Practical stewardship is something that ‘Ulu‘ulu is highly concerned with as part of our mission is the preservation of film and videotape related to the history and culture of Native Hawaiians and the people of Hawai‘i. During lunch, Janel Quirante and Koa Luke recapped work accomplished since last year’s conference and shared the Highlight Reel below of recently digitized footage. It was a great experience! — By Koa Luke
This video footage may be protected under U.S. copyright law and is provided for educational and research purposes only.
Using the search feature (magnifying glass symbol) at the top of the Uluulu website, we selected a few volcano clips to highlight today. You will find that the search bar is a great portal for discovering many of the videos in our collection. Give it a try! You might be surprised at what you find…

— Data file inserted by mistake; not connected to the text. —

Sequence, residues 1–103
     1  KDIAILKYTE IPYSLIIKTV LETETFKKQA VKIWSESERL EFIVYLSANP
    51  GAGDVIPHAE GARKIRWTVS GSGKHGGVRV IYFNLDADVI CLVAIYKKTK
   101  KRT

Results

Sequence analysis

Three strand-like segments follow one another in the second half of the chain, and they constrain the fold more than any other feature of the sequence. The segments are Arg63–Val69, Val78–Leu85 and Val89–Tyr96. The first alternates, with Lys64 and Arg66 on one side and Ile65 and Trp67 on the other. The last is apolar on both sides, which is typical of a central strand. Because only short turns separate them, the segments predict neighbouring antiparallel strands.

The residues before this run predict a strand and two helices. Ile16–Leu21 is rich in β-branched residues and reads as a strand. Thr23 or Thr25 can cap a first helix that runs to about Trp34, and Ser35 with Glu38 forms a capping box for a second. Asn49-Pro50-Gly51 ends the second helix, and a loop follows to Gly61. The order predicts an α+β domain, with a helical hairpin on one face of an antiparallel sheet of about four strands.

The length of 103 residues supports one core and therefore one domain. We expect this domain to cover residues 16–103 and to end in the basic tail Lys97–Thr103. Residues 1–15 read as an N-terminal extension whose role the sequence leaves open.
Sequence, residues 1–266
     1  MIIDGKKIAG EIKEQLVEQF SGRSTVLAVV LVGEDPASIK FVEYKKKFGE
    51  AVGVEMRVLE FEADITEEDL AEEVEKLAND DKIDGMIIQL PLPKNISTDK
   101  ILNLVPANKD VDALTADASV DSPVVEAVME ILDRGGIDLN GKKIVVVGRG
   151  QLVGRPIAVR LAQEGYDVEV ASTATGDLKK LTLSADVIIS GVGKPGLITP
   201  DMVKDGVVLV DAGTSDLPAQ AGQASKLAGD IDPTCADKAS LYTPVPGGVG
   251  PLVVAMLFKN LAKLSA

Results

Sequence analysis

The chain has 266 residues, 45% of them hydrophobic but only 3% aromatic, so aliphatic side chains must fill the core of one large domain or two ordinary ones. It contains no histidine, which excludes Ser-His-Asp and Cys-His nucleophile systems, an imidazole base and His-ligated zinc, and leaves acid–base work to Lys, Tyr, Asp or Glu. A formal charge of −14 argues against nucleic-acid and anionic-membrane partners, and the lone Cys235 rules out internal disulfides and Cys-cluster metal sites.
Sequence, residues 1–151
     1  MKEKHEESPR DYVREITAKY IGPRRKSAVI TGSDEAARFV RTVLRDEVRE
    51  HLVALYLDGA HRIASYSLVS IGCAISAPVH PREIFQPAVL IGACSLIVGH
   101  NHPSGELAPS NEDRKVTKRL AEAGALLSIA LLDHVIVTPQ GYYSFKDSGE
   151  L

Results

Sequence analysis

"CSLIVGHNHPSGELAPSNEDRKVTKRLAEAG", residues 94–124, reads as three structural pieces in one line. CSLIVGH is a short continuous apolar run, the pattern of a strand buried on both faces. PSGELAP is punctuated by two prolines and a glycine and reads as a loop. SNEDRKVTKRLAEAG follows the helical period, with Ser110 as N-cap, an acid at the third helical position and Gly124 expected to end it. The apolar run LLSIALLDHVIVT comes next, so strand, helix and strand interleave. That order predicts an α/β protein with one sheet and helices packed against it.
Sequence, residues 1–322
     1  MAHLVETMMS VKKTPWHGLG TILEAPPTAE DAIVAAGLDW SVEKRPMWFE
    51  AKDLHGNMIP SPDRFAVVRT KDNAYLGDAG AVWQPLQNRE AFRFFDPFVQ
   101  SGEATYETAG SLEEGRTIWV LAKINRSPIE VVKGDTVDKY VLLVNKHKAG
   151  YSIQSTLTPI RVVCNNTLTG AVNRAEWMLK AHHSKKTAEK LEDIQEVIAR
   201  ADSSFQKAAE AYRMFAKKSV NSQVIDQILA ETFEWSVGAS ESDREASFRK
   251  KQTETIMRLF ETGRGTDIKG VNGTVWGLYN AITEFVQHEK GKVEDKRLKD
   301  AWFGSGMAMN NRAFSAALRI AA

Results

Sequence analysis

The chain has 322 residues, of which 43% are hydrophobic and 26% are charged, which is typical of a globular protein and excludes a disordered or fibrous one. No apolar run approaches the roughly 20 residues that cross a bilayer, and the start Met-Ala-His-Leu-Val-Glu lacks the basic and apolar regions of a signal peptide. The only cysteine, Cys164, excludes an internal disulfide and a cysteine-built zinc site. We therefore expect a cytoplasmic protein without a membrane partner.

Volcano Footage- Ted Shibuya
Tip of the day: Using truncation in the search bar can yield more results for your search. Example: Instead of searching for “volcano” or “volcanos” or “volcanic”, try searching: “volcan*“
Our truncation symbol is the asterisk (*).
Many associate volcanic activity with the Hawaiian Islands, but, for the majority who live here, it is not an everyday event to witness such a spectacle. What is amazing about the footage, above & below, is, beyond its age of over 50 years, the film still offers us the rare glimpse of what it is like to be so close in proximity to a live active volcano. One can’t help wonder what might have been going through minds of the people who risked, not only their expensive film equipment, but their own lives to capture impending lava flows. Fortunately for us, thanks to these brave filmmakers and to those who believed it was necessary to preserve their films, researchers, scientists, and volcano enthusiasts are able watch & enjoy what they have left as their legacy.